Working in the Special Collections stacks, you often see messages from the past. Notes from long-past authors or readers, who have scribbled in the margins or front leaves of books. Some notes are merely the thoughts of a reader or a dedication, but at other times, there is a note directed to you – the person holding this book – a warning from centuries past. A curse!
“Steal not this book my honest friend for fear the gallows should be your end”
So warns a handwritten note in a 1756 edition of The Works of Jonathan Swift. Written in the same hand as the note of its later owner, “Wm. Davis’s Book Coolmore [possibly Culmore, Ireland] May 2nd 1817…”, it stands out as one of the known curses that exist within the Catholic University rare books collection, but not a surprising find.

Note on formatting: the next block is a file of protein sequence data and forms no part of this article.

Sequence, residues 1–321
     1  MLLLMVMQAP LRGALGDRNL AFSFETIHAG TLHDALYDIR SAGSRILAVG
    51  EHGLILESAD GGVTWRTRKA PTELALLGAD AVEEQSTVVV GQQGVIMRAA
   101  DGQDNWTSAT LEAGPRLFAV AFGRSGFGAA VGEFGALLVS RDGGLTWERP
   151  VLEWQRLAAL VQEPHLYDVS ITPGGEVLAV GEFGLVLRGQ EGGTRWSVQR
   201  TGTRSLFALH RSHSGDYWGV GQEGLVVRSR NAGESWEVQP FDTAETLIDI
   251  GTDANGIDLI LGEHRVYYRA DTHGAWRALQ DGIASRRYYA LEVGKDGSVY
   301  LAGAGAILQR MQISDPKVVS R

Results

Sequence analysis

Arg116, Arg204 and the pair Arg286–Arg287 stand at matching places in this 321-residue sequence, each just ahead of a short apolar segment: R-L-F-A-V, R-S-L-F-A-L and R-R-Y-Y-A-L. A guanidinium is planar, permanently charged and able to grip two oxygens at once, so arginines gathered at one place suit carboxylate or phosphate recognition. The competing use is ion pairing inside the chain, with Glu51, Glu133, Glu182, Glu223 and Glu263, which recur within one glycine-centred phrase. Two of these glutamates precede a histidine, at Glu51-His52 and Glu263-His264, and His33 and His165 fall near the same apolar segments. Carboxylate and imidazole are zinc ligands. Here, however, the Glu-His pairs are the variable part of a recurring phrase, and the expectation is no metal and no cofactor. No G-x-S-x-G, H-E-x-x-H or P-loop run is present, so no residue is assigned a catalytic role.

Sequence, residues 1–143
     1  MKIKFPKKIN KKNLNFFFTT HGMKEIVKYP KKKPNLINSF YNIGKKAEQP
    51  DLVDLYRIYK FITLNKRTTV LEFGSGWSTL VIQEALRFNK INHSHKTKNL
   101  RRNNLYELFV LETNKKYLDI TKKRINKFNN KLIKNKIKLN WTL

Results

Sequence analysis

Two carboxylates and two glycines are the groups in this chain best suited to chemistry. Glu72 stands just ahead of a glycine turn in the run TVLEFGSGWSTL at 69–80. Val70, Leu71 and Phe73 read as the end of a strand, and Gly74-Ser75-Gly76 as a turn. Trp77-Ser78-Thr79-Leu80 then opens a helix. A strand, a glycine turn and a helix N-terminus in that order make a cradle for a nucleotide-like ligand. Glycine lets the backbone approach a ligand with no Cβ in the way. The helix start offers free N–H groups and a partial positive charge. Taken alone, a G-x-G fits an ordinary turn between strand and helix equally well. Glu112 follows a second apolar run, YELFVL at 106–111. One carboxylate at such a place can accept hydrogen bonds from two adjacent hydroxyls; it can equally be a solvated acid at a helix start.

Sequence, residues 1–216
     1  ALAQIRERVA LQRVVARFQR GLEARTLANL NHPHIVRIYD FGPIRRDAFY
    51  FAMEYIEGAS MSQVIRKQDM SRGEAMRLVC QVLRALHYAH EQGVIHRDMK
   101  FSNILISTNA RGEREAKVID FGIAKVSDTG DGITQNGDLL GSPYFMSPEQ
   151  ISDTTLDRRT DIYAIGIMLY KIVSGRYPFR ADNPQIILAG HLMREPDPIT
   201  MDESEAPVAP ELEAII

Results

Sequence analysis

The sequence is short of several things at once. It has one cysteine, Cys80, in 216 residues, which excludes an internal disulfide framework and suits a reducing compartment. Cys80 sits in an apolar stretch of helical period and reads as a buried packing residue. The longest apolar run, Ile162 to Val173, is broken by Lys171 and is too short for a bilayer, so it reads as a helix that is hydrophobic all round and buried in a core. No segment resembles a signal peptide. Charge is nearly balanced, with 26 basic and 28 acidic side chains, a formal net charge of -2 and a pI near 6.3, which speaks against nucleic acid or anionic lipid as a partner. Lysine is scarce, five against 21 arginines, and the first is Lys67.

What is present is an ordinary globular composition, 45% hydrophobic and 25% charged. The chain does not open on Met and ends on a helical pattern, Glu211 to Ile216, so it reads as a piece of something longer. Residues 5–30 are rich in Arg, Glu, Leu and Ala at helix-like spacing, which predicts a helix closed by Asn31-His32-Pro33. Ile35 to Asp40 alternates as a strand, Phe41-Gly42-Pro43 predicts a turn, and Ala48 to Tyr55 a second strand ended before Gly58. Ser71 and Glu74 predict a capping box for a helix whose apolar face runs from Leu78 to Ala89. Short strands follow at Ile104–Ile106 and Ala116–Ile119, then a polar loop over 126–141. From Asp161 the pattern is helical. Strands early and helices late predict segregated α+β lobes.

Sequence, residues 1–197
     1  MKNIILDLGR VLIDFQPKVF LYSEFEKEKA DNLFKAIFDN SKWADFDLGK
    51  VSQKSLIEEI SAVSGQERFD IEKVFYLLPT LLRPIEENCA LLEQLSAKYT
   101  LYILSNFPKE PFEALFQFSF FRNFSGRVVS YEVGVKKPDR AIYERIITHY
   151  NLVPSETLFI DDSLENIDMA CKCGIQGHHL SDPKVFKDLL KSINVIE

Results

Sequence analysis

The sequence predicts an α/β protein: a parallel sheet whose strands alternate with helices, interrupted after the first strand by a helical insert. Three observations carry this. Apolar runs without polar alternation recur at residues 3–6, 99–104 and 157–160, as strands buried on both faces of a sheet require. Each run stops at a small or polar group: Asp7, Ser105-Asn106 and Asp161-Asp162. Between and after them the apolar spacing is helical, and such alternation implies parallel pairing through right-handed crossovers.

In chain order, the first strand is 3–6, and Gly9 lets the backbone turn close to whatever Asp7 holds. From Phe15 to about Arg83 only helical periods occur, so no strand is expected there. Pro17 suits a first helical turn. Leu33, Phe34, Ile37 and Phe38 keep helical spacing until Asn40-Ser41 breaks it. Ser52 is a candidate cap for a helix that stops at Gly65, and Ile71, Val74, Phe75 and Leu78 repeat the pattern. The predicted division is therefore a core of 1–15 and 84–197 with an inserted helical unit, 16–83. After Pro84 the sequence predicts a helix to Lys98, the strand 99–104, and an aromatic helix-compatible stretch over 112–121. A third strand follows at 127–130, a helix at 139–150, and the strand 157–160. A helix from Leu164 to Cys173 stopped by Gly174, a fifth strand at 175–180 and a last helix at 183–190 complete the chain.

Modern special collections libraries have all manner of security features to protect their holdings from theft, flood, fire, and more. These protections come in many forms – from alarm systems, specialized access policies, disaster plans, etc. But one thing that is perhaps missing from today’s library is curses. A long-common practice, dating back millennia, book curses were another means by which creators and owners of books wished to protect their manuscripts. The labor-intensive process of creating books prior to the invention of the printing press made books an extremely valuable – if not vulnerable – piece of property. One could limit access to a collection or chain up the books, but why not add a final threatening note to ward off would-be miscreants?